Book Review, Daniele Archibugi & Alice Pease, Crime and Global Justice: The Dynamics of International Punishment (2018)
Ethics & International Affairs
Nestled into the crowded field of scholar ship on international criminal justice is this new book from Daniele Archibugi and Alice Pease. The authors survey familiar territory-the emergence, development, and operation of the system of international criminal justice-but they nicely distinguish their contribution by electing to use case studies to tell their story, focusing on the indictments, trials, and convictions of well-known heads of state. Within these case studies, Archibugi and Pease emphasize actors such as international courts and tribunals, but they also reference the role of national courts, civil claims, and "justice from below" (truth commissions, reintegration ceremonies, and opinion tribunals). Throughout, the authors tie these institutions to theories of cosmopolitanism, while also ruminating upon the failures that have afflicted global justice-primary among these being the co-optation of justice institutions by powerful political players.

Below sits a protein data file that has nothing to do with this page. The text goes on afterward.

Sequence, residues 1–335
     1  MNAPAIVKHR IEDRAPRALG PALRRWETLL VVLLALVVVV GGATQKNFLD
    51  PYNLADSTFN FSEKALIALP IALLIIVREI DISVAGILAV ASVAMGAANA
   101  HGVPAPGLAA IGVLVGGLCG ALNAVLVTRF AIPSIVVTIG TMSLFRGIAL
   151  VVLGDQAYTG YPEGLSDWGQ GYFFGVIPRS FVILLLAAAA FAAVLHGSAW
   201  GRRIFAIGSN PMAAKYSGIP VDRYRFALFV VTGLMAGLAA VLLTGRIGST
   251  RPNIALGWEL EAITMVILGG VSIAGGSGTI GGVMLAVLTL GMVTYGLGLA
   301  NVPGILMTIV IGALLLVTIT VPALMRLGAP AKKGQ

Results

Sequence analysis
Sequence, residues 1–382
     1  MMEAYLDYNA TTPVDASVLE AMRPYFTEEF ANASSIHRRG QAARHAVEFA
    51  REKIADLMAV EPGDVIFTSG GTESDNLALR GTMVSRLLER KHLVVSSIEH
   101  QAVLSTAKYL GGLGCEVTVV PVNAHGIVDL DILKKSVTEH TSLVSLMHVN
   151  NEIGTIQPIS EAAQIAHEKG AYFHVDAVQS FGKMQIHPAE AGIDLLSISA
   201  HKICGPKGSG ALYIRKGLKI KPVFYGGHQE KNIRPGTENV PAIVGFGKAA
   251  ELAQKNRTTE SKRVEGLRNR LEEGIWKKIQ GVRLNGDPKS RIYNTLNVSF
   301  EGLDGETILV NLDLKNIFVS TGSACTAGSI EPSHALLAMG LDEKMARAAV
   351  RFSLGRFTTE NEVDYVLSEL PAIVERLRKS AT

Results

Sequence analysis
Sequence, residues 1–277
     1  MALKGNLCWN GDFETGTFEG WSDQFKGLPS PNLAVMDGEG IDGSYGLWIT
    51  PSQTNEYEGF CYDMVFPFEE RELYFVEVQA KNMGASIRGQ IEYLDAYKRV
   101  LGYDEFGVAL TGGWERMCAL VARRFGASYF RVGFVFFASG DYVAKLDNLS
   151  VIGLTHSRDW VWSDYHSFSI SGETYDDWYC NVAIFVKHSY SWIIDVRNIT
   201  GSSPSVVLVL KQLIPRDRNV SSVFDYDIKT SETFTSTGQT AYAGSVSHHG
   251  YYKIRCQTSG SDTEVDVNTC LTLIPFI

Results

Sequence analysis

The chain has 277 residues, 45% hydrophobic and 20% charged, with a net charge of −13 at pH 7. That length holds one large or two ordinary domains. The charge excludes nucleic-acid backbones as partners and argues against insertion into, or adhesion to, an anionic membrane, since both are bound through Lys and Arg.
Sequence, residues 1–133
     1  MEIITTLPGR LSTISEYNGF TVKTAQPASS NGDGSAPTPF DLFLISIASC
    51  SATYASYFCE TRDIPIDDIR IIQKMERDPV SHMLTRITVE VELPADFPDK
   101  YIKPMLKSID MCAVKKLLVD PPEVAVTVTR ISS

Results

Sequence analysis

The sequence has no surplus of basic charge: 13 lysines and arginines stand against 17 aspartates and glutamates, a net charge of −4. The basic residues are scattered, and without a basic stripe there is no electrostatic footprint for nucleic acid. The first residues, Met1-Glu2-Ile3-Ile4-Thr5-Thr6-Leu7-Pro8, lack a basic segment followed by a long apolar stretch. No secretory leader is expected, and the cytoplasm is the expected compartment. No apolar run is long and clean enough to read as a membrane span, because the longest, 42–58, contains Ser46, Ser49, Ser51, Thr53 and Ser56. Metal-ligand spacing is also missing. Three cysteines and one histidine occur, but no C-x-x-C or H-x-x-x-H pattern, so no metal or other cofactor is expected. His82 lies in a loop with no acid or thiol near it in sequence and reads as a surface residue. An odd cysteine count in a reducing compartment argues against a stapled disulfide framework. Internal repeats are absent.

Mark A. Drumbl, Book Review, 33 Ethics & Int'l Aff. 99 (2019) (reviewing Daniele Archibugi & Alice Pease, Crime and Global Justice: The Dynamics of International Punishment (2018)).